my community,” she said “I think what happened to me personally is, I started to feel a twinge of fear.” A Dunwoody homemaker’s outMenis described several influences. rage over recent anti-Semitic threats She has previously visited Whitefish, a and vandalism across the country has Montana resort town now notorious as spawned a rapidly growing advocacy ora home of the “alt-right” white nationganization that hopes to send a nationalist movement that gained publicity wide message against fear and hate. for supporting Donald Trump’s presi“I want to stand up and be as loud dential campaign and which Trump latas the people making er denounced. She was the bomb threats,” said angered by posts inLauren Menis, foundsulting Muslims made er of the new Atlanta on the Facebook acInitiative Against Anticount of a former DunSemitism. woody assistant city Menis’s text-mesattorney who said his sage chats with other account was hacked. Davis Academy moms The final straw, she last month snowsaid, was news reports balled into the crein February about deseation of AIAAS, which cration of a Jewish cemhas already won supetery in Philadelphia, port from the regionone of several such al chapters of the Anvandalism incidents ti-Defamation League around the nation. SPECIAL and the American Jew- Lauren Menis, founder of Atlanta “I thought to myself, Initiative Against Anti-Semitism. ish Committee. ‘I have to do something The group hopes about anti-Semitism,’” eventually to hold some kind of public Menis said. town hall forums. On March 30, it plans With her journalism background, a private organizing meeting that repreMenis said, “I wanted a media statesentatives of local governments and rement: ‘Atlanta decries anti-Semitism.’” ligious and cultural groups will attend, She acknowledged that AIAAS’s orincluding some Dunwoody City Counganizers have yet to come up with a cil members and the Sandy Springs pomore solid agenda, which will be a folice chief. cus of the March 30 meeting. “I am very impressed by the grassHowever, the effort seems to be taproots efforts that Lauren has creatping a desire for more discussion about ed,” said Dov Wilker, regional director anti-Semitism. The ADL and the Amerof the American Jewish Committee’s ican Jewish Committee have signed on Buckhead-based Atlanta chapter. “The as co-sponsors of the organizing meetgreater awareness we bring to the issue ing, and many prominent groups are of anti-Semitism, the better off we will sending representatives, including the all be. If we are able to create compleMJCCA, the Atlanta Jewish Film Festimentary efforts to combat anti-Semival, the Davis Academy and the Weber tism, we will be able to have a greater School. impact than by ourselves.” Sandy Springs city Communications Menis is Jewish, but “not particularDirector Sharon Kraun, who is Jewish ly religious,” and said she has not been and said she is well aware of the nationinvolved in advocacy organizing beal threats, will attend along with Police fore. Her background is in the media as Chief Ken DeSimone. a producer at CNN and a local newspa“We’ll go and listen,” Kraun said, per columnist. adding that city officials are curious to The north Perimeter area has a large hear AIAAS’ agenda. Jewish population and such cultural “As far as anti-Semitism, the city institutions as the “Anne Frank in the has been very vocal that we don’t tolerWorld” exhibit in Sandy Springs. Two ate any kind of behavior that is against local organizations — the ADL’s Southanyone,” Kraun said. “We support any east regional office in Buckhead and effort that is combatting hate and intolDunwoody’s Marcus Jewish Communierance.” ty Center of Atlanta — have received Menis said that one potential funcbomb threats recently. tion of AIAAS — whose founding group Menis said her activism is not in rehas a Muslim member — is bringing tosponse to any local anti-Semitic incigether leaders from beyond the Jewish dents, but rather to the nationwide rise community. in threats and general intolerance. “Anti-Semitism isn’t a Jewish prob“I have never had a problem with anlem,” she said. “It’s a community probti-Semitism and I feel perfectly safe in lem.” johnruch@reporternewspapers.net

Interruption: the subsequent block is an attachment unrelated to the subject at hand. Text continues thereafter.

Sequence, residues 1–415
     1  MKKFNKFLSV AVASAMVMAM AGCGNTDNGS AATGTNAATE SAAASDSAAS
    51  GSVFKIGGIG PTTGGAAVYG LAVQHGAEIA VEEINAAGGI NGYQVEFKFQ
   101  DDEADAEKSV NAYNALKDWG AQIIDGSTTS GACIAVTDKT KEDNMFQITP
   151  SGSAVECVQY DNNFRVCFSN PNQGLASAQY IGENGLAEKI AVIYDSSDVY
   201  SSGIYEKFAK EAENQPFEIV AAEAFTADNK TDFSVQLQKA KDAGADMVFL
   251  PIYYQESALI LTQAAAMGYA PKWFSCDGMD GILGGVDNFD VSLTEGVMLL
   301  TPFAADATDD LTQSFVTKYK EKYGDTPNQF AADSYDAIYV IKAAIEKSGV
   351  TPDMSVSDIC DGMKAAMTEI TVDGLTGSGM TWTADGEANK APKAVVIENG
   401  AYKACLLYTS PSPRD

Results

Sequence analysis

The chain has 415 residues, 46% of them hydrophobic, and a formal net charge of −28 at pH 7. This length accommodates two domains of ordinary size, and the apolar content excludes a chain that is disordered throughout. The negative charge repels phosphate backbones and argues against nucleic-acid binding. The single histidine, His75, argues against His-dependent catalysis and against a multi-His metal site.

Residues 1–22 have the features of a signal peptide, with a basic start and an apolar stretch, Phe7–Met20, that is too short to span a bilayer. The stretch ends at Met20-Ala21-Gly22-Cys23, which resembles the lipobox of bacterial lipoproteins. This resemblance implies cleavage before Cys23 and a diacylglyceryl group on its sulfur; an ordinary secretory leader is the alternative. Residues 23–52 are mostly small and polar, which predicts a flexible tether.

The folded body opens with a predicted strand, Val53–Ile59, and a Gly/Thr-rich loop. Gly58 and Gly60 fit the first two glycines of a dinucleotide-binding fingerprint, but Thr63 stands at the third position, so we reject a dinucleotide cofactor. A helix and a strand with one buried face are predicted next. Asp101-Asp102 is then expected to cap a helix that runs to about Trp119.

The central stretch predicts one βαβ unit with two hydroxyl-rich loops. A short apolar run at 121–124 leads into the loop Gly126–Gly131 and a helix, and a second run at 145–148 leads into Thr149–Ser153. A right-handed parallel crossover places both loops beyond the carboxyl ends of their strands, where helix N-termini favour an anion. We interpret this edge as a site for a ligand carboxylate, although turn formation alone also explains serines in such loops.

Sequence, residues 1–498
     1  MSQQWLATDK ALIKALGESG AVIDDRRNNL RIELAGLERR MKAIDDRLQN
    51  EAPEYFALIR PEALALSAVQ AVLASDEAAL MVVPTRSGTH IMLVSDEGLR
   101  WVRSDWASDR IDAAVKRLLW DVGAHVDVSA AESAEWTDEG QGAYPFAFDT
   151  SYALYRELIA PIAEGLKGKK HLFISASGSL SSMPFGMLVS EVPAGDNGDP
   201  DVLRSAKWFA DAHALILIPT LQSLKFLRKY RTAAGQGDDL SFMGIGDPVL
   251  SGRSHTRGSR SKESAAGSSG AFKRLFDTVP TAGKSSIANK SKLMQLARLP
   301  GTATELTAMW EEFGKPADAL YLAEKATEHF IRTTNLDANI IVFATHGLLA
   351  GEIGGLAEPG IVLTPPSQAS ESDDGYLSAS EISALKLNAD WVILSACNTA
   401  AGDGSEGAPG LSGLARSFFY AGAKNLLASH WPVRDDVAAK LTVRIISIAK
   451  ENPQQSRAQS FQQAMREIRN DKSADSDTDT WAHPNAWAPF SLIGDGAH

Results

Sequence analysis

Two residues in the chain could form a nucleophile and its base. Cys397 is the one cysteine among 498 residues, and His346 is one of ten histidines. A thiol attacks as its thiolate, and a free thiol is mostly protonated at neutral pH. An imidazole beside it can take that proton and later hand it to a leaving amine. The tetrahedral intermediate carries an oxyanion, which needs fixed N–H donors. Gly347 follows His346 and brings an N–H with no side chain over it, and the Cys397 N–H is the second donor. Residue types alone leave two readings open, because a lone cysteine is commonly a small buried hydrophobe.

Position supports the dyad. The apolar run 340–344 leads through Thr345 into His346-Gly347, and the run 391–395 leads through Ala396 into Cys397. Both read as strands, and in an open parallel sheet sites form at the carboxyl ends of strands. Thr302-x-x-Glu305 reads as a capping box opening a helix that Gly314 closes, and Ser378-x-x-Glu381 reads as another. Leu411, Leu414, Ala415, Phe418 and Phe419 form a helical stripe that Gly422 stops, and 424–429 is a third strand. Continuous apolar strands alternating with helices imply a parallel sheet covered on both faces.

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Community | 5


Crime watches go high-tech with apps, cameras BY JOHN RUCH johnruch@reporternewspapers.net

Neighborhood crime watches have been around since the 1970s. But these days, they’re increasingly going digital with apps and cameras, and local police departments are looking to plug in. Police in Sandy Springs are among those watching the rise of crime talk on such social apps as Nextdoor — and seeking ways to better use it for crime prevention. At a recent High Point Civic Association meeting, Capt. Steve Rose, the commander of the Sandy Springs Police Department’s South District, talked about seeing residents on Nextdoor sharing stories about a suspicious character, but then all forgetting to call the police. “The Nextdoor app seems to be the most popular app, and we have our own Nextdoor site as well as monitoring the individual community sites,” Rose said later in an email. “For us, the hope would be that we can almost directly communicate with any of the various HOAs or civic associations through their Nextdoor sites or their websites, because we can push out crime information, but also correct inaccurate information, which is all too common.” As a wave of car-breaks and burglaries appears to move northward from Buckhead neighborhoods, old-fashioned crime watches are popular, too. But they’re still talking technology. At a recent meeting of a Brookhaven homeowners association, according to one resident, the crowd was unusually large due to a number of car break-ins. The HOA discussed a new Georgia Power Co. program through which the power company plans to rent security cameras on its own power poles for surveillance of private property, with the feed accessible by police. The HOA was especially interested in a license-plate reader version of the camera. The Georgia Power camera program, set to launch this spring, is still being planned quietly, its existence apparently first revealed by a discussion at a January Sandy Springs City Council meeting. Dunwoody police said they were not aware of the camera program, while Atlanta police said they were. The company previously said the program will kick off with offerings only to commercial, not residential, property owners. Georgia Power spokesperson John Kraft said company officials “continue to study and develop the options customers say they want from a service of this kind, including a license-plate reader option.” Brookhaven police did not respond to questions. However, the department recently launched “Operation Plugged In,” a service allowing police access to private security cameras. While social media can bring neigh-